He didn’t know yet what sort of percentage he was talking about, but just suppose it was 3%. It might not sound like much, only a marginal gain, an abstemious eking out of a little bit more from the production process, at a time when all the newspapers showed miners ripping into fat mountains of solid metal, and the output of plants booming 50%, 75%, 150%. But it was predictable. You could count on the extra 3% year after year. Above all it was free. It would come merely by organising a little differently the tasks people were doing already. It was 3% of extra order snatched out of the grasp of entropy. In the face of the patched and mended cosmos, always crumbling of its own accord, always trying to fall down, it built; it gained 3% more of what humanity wanted, free and clear, just as a reward for thought. Moreover, he thought, its applications did not stop with individual factories, with getting 3% more plywood, or 3% more gun barrels, or 3% more wardrobes. If you could maximise, minimise, optimise the collection of machines at the Plywood Trust, why couldn’t you optimise a collection of factories, treating each of them, one level further up, as an equation? You could tune a factory, then tune a group of factories, till they hummed, till they purred. And that meant —
An english description of Kantorovich’s appeared in the July 1960 issue of Management Science. The opening line of the paper is:
The immense tasks laid down in the plan for the third Five Year Plan period require that we achieve the highest possible production on the basis of the optimum utilization of the existing reserves of industry: materials, labor and equipment.
The paper contains a formulation of the Plywood Trust’s problem as a linear program. A recognition of the existence of an optimal solution at an extreme point as well as the hopelessness of enumerating extreme as a solution method. Kantorovich then goes on to propose his method, which he calls the method of resolving multipliers. Essentially, Kantorovich proposes that one solve the dual and then use complementary slackness to recover the primal. One might wonder how Kantorovich’s contribution differs from the contributions of Koopmans and Dantzig. That is another story and as fair a description of the issues as I know can be found in Roy Gardner’s 1990 piece in the Journal of Economic Literature. I reproduce one choice remark:
Thus, the situation of Kantorovich is rather like that of the discoverer Columbus. He really never touched the American mainland, and he didn’t give its name, but he was the first one in the area.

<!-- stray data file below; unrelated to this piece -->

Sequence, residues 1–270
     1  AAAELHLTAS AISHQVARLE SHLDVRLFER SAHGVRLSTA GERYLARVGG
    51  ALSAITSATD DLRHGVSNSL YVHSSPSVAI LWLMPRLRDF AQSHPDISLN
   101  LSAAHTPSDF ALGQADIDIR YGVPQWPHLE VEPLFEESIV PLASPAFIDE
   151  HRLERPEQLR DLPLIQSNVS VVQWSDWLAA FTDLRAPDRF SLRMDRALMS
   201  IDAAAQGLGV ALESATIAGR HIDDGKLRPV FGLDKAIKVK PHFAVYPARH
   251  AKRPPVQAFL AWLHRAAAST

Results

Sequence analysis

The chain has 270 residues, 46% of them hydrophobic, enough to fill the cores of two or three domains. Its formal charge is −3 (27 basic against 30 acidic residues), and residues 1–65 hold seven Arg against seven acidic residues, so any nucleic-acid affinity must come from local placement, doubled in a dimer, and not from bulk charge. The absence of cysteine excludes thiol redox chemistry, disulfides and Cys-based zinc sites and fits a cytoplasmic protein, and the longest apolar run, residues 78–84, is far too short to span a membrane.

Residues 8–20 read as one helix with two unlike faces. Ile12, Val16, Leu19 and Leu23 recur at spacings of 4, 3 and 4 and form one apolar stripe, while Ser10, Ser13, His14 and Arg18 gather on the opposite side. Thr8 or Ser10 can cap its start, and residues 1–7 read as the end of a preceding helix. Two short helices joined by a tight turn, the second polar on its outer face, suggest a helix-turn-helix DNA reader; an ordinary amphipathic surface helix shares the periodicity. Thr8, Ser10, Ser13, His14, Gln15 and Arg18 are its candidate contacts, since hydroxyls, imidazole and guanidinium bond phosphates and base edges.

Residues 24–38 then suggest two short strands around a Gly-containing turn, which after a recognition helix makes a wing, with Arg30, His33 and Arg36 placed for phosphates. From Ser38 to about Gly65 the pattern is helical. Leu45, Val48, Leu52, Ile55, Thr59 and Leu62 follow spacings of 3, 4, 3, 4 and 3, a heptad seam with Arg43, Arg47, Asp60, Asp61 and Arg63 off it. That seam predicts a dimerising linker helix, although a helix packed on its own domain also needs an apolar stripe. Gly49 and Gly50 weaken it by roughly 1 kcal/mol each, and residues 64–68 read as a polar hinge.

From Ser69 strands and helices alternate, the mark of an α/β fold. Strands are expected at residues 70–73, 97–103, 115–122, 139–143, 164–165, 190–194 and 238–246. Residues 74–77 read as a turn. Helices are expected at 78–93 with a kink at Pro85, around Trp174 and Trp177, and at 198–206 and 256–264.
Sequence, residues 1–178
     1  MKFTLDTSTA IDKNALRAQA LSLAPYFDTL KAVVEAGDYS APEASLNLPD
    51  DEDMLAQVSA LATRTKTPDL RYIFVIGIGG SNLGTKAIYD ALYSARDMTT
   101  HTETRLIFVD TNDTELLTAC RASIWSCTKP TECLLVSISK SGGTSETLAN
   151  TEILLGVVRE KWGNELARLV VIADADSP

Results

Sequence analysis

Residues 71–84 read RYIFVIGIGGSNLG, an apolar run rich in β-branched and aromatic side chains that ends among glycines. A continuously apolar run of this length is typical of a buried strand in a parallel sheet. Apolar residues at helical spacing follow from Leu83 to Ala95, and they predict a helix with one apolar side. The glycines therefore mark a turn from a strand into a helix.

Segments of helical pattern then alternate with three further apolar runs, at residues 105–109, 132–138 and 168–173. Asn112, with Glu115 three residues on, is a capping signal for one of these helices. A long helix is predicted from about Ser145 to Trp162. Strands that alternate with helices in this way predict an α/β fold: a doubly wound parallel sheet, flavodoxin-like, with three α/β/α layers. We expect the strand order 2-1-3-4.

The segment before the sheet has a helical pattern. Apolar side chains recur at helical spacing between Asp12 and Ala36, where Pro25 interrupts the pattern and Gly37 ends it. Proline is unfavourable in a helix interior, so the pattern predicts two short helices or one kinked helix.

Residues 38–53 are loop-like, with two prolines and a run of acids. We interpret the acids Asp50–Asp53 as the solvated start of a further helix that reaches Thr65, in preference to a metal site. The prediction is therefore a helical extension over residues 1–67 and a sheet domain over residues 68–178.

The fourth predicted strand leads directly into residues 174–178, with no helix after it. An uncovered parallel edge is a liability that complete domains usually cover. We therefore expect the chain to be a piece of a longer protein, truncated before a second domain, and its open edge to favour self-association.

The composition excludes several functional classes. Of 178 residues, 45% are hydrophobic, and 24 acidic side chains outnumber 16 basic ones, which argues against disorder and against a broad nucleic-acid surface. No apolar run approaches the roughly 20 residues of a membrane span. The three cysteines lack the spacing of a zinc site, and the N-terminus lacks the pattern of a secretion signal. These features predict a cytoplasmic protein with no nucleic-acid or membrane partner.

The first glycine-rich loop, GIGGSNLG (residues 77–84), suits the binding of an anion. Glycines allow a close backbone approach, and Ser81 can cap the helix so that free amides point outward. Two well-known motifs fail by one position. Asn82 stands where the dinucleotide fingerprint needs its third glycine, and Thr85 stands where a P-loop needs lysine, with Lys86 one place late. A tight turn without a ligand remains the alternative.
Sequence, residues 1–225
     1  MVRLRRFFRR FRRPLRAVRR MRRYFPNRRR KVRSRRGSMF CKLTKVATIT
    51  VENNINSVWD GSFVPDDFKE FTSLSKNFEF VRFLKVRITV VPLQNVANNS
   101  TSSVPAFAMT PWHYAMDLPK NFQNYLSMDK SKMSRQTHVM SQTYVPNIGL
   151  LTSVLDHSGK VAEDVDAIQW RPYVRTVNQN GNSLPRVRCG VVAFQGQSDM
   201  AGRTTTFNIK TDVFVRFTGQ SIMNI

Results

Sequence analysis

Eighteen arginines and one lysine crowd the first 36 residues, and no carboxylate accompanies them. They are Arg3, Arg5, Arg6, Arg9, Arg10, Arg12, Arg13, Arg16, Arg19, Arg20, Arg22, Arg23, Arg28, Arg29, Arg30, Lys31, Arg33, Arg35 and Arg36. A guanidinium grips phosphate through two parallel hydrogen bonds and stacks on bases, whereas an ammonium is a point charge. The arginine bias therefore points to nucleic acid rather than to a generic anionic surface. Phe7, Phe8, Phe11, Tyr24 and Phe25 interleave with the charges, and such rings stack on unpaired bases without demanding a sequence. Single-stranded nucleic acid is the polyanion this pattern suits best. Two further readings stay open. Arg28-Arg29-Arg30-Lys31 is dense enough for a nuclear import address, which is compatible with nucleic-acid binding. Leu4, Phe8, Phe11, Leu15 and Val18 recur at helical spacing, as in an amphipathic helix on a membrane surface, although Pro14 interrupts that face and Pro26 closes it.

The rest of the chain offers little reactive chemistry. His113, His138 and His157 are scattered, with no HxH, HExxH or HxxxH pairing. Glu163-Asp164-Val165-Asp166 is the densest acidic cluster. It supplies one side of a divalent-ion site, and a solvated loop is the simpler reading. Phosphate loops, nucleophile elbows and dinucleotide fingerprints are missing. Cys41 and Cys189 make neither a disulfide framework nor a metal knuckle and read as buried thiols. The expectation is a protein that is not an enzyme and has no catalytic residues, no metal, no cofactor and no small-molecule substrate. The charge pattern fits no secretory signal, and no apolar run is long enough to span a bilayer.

As an aside, David Gale is the one often forgotten in this discussion. If the Nobel committee has awarded the prize for Linear Programming, Dantzig and Gale would have been included. Had Gale lived long enough, he might have won it again for matching making him the third to have won the prize twice in the same subject. The others are John Bardeen and Frederick Sanger.
Continuing with Spufford’s imaginings:
— and that meant that you could surely apply the method to the entire Soviet economy, he thought. He could see that this would not be possible under capitalism, where all the factories had separate owners, locked in wasteful competition with one another. There, nobody was in a position to think systematically. The capitalists would not be willing to share information about their operations; what would be in it for them? That was why capitalism was blind, why it groped and blundered. It was like an organism without a brain. But here it was possible to plan for the whole system at once. The economy was a clean sheet of paper on which reason was writing. So why not optimise it? All he would have to do was to persuade the appropriate authorities to listen.
Implementation of Kantorovich’s solution at the Plywood trust led to success. Inspired, Kantorovich sent a letter to Gosplan urging adoption of his methods. Here the fact that Kantorovich solved the dual first rather than the primal is important. Kantorovich interpreted his resolving multipliers (shadow prices today) as objectively determined prices. Kantorovich’s letter to Gosplan urged a replacement of the price system in place by his resolving multipliers. Kantorovich intended to implement optimal production plans through appropriate pieces. Gosplan, responded that reform was unecessary. Kantorovich narrowly missed a trip to the Gulag and stopped practicing Economics, for a while. Readers wanting a fuller sense of what mathematical life was like in this period should consult this piece by G. G. Lorentz.
After the war, Kantorovich took up linear programming again. At Lenningrad, he headed a team to reduce scrap metal produced at the Egorov railroadcar plant. The resulting reduction in waste reduced the supply of scrap iron for steel mills disrupting their production! Kantorovich escaped punishment by the Leningrad regional party because of his work on atomic reactors.
Kantorovich’s interpretation of resolving multipliers which he renamed as objectively determined valuations put him at odds with the prevailing labor theory of value. In the post Stalin era, he was criticized for being under the sway of BohmBawerk, author of the notion of subjective utility. Aron Katsenelinboigen, relates a joke played by one of these critics on Kantorovich. A production problem was presented to Kantorovich where the labor supply constraint would be slack at optimality. Its `objectively determined valuation’ was therefore zero, contradicting the labor theory of value.
Nevertheless, Kantorovich survived. This last verse from the Ballard of L. V. Kantorvich authored by Josph Lakhman explains why:
Then came a big scholar with a solution.
Alas, too clever a solution.
`Objectively determined valuations’
That’s the panacea for each and every doubt!
Truth be told, the scholar got his knukcles rapped
Slightly rapped
For such an unusual advice
That threatened to overturn the existing order.
After some thought, however, the conclusion was reached
That the valuations had been undervalued